On May 23, 1734, German physician Franz Anton Mesmer was born. Mesmer theorised that there was a natural energetic transference that occurred between all animated and inanimate objects that he called animal magnetism, sometimes later referred to as mesmerism. This system of therapeutics was the forerunner of the modern practice of hypnotism. He spent his career offering this controversial therapy to wealthy aristocratic clients in several European capitals.
Franz Mesmer was born in 1734 in Germany and studied theology at the University of Vienna, as well as philosophy and law. Later on, he became increasingly interested in the field of medicine and became a doctor in 1766 with his thesis ‘De influxu planetarum in corpus humanum’. In his thesis, Mesmer revived the probably ancient idea that the planets of our solar system exude invisible rays that affect our bodies, an effect which he called ‘animal magnetism’.
Back then, it is believed that Mesmer’s theory did not arouse much controversy. He founded a practice in Vienna in his mid-30s and it is further assumed that Mesmer through the years of practice was increasingly dissatisfied with the conventional medical approaches at the time. He found that often the healing methods were more terrifying than the conditions doctors intended to treat and he favoured a more gentle approach. One day, Mesmer met the 27-year old Franzl Oesterline who helped Mesmer to increase his fame. The woman was apparently suffering from “the most troublesome symptoms of which was that the blood rushed to her head and there set up the most cruel toothaches and earaches, followed by delirium, rage, vomiting and swooning”. Mesmer described Oesterline’s symptoms as convulsive malady and it is assumed that she moved into Franz Mesmer’s house in order to receive a decent care. For a cure, Mesmer apparently used a magnet in order to disrupt the gravitational tides adversely affecting his patient. He was able to induce his patient the sensation of a fluid draining from her body and taking her illness with it. Afterwards, she was able to recover. However, Mesmer probably did not believe that fluid was actually draining from her body per se and from a modern day perspective, the results were probably achieved by hypnosis. Mesmer’s system rested on his belief that illness was caused by depleted levels of ‘animal magnetism’, and that these could be replenished by the healer transmitting some of his own abundant magnetic force across the ether to the patient. This was achieved with the magnet as well as complex hand gestures and touch which became known as the ‘mesmeric pass’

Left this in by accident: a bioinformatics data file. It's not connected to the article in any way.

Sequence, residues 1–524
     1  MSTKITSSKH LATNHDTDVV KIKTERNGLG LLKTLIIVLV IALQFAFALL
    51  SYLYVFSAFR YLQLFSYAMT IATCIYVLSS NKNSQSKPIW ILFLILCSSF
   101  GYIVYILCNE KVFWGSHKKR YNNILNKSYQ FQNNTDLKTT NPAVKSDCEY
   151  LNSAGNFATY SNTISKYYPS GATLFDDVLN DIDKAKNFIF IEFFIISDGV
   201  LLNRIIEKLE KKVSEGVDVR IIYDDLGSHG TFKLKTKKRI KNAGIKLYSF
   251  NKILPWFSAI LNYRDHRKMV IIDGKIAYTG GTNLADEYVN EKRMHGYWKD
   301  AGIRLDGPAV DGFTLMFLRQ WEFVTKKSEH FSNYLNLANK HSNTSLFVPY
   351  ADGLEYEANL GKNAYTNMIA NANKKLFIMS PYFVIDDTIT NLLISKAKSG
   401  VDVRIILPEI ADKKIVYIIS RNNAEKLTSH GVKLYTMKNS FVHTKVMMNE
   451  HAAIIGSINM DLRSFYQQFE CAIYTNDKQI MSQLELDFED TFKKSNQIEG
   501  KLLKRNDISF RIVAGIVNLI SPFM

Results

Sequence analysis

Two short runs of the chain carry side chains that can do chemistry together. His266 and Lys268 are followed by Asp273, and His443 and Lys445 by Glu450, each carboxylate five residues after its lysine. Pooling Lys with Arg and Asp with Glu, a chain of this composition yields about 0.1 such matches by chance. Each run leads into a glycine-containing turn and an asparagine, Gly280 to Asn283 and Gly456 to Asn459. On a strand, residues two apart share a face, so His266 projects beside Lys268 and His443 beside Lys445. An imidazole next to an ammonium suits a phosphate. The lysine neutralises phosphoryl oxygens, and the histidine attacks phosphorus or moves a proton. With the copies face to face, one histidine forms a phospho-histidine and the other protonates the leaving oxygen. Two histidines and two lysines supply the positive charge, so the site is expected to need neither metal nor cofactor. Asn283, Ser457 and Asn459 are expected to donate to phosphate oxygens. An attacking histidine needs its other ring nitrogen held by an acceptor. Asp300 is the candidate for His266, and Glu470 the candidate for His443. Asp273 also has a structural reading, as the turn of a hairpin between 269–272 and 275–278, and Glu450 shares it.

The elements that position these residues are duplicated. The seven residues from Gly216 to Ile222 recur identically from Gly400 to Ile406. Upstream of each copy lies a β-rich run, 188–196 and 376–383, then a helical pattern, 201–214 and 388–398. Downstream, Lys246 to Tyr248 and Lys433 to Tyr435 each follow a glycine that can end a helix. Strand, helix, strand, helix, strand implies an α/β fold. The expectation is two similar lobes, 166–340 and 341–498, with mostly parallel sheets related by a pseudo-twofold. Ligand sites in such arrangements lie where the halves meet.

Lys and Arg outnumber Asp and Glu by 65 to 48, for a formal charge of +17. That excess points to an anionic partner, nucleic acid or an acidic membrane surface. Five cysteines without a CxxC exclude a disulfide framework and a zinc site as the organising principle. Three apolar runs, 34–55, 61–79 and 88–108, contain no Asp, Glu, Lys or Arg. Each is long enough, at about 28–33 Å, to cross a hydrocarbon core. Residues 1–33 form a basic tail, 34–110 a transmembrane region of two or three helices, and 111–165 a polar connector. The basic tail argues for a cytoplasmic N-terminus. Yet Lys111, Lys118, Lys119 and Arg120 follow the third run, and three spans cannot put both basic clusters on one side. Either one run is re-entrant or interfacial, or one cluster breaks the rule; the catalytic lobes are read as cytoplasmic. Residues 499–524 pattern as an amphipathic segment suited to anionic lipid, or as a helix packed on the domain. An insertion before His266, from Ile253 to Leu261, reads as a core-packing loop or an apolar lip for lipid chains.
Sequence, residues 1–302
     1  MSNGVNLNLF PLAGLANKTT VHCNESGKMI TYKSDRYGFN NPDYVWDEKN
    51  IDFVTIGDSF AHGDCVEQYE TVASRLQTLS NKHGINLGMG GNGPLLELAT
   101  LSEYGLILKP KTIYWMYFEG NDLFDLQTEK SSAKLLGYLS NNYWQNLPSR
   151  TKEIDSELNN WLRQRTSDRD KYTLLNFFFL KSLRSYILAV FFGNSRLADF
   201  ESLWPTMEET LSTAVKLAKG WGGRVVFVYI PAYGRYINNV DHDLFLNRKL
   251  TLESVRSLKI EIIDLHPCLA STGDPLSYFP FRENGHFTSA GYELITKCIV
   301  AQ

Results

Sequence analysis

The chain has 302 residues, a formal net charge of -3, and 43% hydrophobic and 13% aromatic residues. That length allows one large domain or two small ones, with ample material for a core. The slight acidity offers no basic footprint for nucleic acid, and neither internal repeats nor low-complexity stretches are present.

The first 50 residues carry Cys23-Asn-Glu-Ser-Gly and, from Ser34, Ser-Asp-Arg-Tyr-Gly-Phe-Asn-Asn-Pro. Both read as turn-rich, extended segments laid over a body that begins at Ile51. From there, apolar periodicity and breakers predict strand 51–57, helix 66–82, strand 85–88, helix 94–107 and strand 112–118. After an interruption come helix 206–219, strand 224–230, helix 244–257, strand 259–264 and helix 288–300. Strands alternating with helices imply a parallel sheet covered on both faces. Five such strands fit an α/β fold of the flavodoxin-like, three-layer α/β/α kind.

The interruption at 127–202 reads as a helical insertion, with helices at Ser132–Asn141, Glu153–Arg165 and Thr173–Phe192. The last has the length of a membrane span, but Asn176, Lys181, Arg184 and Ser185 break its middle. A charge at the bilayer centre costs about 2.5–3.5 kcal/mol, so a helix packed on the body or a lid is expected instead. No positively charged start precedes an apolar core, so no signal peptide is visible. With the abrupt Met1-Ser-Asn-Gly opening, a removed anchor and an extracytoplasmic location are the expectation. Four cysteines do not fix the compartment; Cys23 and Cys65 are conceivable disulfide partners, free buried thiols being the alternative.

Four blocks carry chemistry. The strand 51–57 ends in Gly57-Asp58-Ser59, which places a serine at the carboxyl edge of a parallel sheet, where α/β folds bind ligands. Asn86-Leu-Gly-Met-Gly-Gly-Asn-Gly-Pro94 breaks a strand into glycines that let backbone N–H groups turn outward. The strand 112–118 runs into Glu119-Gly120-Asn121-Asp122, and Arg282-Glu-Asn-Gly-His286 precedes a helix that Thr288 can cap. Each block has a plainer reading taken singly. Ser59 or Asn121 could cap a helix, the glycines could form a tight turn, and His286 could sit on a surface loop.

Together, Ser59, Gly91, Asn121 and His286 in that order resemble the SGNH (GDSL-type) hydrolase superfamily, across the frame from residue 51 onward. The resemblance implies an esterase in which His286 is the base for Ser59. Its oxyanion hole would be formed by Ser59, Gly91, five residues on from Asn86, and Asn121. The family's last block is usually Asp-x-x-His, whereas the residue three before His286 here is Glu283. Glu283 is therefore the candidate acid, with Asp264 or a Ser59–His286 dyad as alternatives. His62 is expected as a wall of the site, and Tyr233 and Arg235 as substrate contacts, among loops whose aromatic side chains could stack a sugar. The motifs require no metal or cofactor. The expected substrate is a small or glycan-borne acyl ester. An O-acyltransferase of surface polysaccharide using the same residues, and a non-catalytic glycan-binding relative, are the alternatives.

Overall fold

Franz Mesmer became famous. He claimed to have healed haemorrhoids, menstrual difficulties and even blindness, and paralysis with his approach and went on tour giving demonstrations his his techniques in Europe. However, not everyone liked Mesmer’s shows and his unusual methods. He started to receive much criticism from the medical establishment and it is believed that especially one patient caused Mesmer to be called a fraud and charlatan, the blind pianist Maria-Theresa Paradis. Her cure didn’t meet with the approval of her parents, who feared to lose their royal pension if she was cured and they proceded to remove her from Mesmer’s house when they found out about their daughter’s plan. Later, a royal commission was appointed to investigate Franz Mesmer’s methods. The commission can to the conclusion that Mesmer must be a fraud as the patients could be cured from their illnesses if the magnet was applied or not. Even though his critics were right saying that there was no evidence of animal magnetism being transferred through the ether, the psychological effect of Mesmer’s method stayed unrecognized. Mesmer’s legacy persisted, far into the 19th century and beyond, as arguments over his techniques shaped the development of hypnosis as we know it today.
At yovisto, you can learn more about Mind-Body Interactions in a lecture by David Spiegel at the Stanford School of Medicine.
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